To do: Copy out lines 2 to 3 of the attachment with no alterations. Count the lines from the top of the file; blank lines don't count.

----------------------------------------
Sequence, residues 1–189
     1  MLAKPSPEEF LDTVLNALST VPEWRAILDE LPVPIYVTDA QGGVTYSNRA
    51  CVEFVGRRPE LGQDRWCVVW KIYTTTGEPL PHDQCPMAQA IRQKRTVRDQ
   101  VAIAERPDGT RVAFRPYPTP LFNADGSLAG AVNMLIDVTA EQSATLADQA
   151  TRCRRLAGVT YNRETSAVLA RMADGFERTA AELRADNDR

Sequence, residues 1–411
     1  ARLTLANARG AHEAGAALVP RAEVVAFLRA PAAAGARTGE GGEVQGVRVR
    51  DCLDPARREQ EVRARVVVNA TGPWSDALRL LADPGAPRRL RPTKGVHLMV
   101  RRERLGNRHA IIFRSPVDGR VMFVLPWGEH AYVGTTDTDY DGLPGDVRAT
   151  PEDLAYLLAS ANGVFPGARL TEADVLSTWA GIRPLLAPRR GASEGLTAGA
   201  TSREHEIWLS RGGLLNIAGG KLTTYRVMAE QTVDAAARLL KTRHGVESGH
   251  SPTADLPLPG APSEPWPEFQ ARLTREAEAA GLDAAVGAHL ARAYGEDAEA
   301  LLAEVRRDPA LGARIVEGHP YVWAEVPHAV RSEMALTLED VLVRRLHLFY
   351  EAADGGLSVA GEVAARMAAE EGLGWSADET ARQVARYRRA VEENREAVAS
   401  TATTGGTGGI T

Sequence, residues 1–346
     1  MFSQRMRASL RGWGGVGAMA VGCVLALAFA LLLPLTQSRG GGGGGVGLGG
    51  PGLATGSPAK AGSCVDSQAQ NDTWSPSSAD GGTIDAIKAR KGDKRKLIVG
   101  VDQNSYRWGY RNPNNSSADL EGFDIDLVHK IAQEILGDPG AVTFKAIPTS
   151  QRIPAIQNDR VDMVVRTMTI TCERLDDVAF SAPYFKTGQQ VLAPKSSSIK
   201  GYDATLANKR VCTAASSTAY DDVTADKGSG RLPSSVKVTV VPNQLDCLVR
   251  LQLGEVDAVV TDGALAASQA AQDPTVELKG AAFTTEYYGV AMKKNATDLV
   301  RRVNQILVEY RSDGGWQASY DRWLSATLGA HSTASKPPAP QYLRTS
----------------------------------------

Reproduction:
     1  MLAKPSPEEF LDTVLNALST VPEWRAILDE LPVPIYVTDA QGGVTYSNRA
    51  CVEFVGRRPE LGQDRWCVVW KIYTTTGEPL PHDQCPMAQA IRQKRTVRDQ